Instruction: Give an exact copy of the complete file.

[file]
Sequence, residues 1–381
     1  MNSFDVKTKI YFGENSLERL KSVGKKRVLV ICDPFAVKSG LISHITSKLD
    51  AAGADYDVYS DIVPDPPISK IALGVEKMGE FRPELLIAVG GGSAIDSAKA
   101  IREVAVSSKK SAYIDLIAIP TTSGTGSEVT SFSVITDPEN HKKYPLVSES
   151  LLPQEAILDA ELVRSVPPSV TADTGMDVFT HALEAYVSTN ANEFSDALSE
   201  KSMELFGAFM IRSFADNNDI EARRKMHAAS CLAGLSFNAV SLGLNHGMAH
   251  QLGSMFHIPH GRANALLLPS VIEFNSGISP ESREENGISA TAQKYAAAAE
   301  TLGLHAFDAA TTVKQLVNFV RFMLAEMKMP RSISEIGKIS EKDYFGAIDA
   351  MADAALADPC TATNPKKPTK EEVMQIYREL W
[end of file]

Sequence, residues 1–381
     1  MNSFDVKTKI YFGENSLERL KSVGKKRVLV ICDPFAVKSG LISHITSKLD
    51  AAGADYDVYS DIVPDPPISK IALGVEKMGE FRPELLIAVG GGSAIDSAKA
   101  IREVAVSSKK SAYIDLIAIP TTSGTGSEVT SFSVITDPEN HKKYPLVSES
   151  LLPQEAILDA ELVRSVPPSV TADTGMDVFT HALEAYVSTN ANEFSDALSE
   201  KSMELFGAFM IRSFADNNDI EARRKMHAAS CLAGLSFNAV SLGLNHGMAH
   251  QLGSMFHIPH GRANALLLPS VIEFNSGISP ESREENGISA TAQKYAAAAE
   301  TLGLHAFDAA TTVKQLVNFV RFMLAEMKMP RSISEIGKIS EKDYFGAIDA
   351  MADAALADPC TATNPKKPTK EEVMQIYREL W